What is Equity Release?
If you’re a homeowner over the age of 55 (both partners if a couple), you could unlock tax-free cash from your property and use it how you wish in order to enjoy your retirement. It’s tax-free, the money’s yours to use however you wish.
Benefits of Equity Release
Depending on the plan, you can choose to receive a lump sum or a series of payments
There are no monthly repayments to worry about
Stay In Your Home
You can stay in your home for life, or for as long as you choose to
You can spend the money however you wish on whatever you want
The money is tax-free as it is yours in the first place
Plans To Suit You
There are a wide range of equity release plans available, which can be personalised to your individual needs
Start your Equity Release enquiry
Speak to an adviser on which equity release plan is right for you.
Request a callback to get started on your enquiry.
Types of Equity Release Plans
Choosing the Right Equity Release
There will be NO pressure and NO obligation to proceed. The decision to take up our recommendation is entirely yours and after your initial consultation with our advisers, you will be given plenty of time to decide.
1. Get Expert Advice
We can put you in touch with an equity release adviser who’ll review your needs and future plans. Your equity release adviser can arrange a convenient time to visit you in the comfort of your own home.
2. Think It Over
Discuss your options and the plans available with your family and decide if equity release is right for you.
If you decide to go ahead, your equity release adviser will manage your application for you.
Frequently asked questions
With Equity Release, you have two options. The first is taking out a Lifetime Mortgage. The exact amount you can borrow is based on your age at the start of the plan and the value of your home. You may also be able to release more equity later on down the line, depending on your circumstances.
The second option is a Home Reversion Plan, where you can choose to sell up to 100% of your home. You will still get to live in your home, rent-free, until you go into care or pass away, but because of this, you’ll receive less than the full market value of the share of your property that you sell.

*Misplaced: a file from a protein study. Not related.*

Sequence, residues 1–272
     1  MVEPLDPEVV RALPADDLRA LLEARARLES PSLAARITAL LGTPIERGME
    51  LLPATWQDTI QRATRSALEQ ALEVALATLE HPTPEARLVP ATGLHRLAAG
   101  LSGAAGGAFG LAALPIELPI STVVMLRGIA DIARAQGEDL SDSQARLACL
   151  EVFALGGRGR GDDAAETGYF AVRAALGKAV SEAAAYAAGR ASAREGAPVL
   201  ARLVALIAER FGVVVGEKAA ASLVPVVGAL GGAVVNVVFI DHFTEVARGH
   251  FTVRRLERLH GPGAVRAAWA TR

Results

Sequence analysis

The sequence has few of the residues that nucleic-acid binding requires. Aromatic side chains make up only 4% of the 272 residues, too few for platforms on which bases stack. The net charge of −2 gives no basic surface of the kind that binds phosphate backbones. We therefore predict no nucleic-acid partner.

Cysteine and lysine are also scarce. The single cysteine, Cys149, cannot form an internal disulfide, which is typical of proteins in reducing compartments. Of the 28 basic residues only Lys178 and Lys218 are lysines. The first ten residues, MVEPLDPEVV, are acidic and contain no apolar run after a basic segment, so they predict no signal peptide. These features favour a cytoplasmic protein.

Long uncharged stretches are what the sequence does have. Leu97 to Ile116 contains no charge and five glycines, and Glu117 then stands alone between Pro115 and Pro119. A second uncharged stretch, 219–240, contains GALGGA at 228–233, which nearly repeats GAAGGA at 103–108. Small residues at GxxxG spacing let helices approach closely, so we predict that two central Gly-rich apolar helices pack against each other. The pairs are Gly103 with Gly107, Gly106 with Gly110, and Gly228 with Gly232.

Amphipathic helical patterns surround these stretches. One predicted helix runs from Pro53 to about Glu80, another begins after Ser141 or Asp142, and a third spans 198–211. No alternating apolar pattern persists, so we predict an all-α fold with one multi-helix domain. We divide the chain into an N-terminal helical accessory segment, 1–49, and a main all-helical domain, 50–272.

Your equity release adviser will help you decide the option that’s right for you.
Most equity release plans offered allow you to continue living in your home until you die or need to go into long–term care. The lifetime mortgage allows you to keep ownership of your home. With the home reversion plan, the ownership of your home is transferred to the reversion provider.
Home Reversion plans are more flexible, in that if you sell less than 100% of your home to the reversion provider, you can sell more shares I the future, providing you meet the terms and conditions of the plan.
When a valuation fee is incurred, the size of the fee will depend on your property value. For example, with a property value of £100,000 you would expect to pay between £100 and £170.
Lender Fees – includes application fees, arrangement fees and completion fees and all the administration charges that are incurred at each stage in the process. Typically Lender Fees range between £300 and £700. It is possible to add this fee to the value of your loan.
As you would expect, the fees will differ slightly depending on which Solicitor is employed, although ones that specialize in Equity Release can be slightly cheaper. You can expect to pay somewhere between £350 and £500 for this service. Is this correct across the board?
Lifetime Mortgages – because the property remains in your possession, it falls to your representatives to arrange the sale of the property (if appropriate) upon your passing, and to pay the loan and interest back to the lender. It is in their best interests to obtain the best price as quickly as possible.
Home Reversion plans – If you choose to sell 100% of the ownership of your property to a company, the provider will arrange the sale of the property. If you choose to sell less than 100%, the majority of companies will arrange the sale. You or your estate will still receive the proportion of the property’s value (minus costs) you originally chose to retain.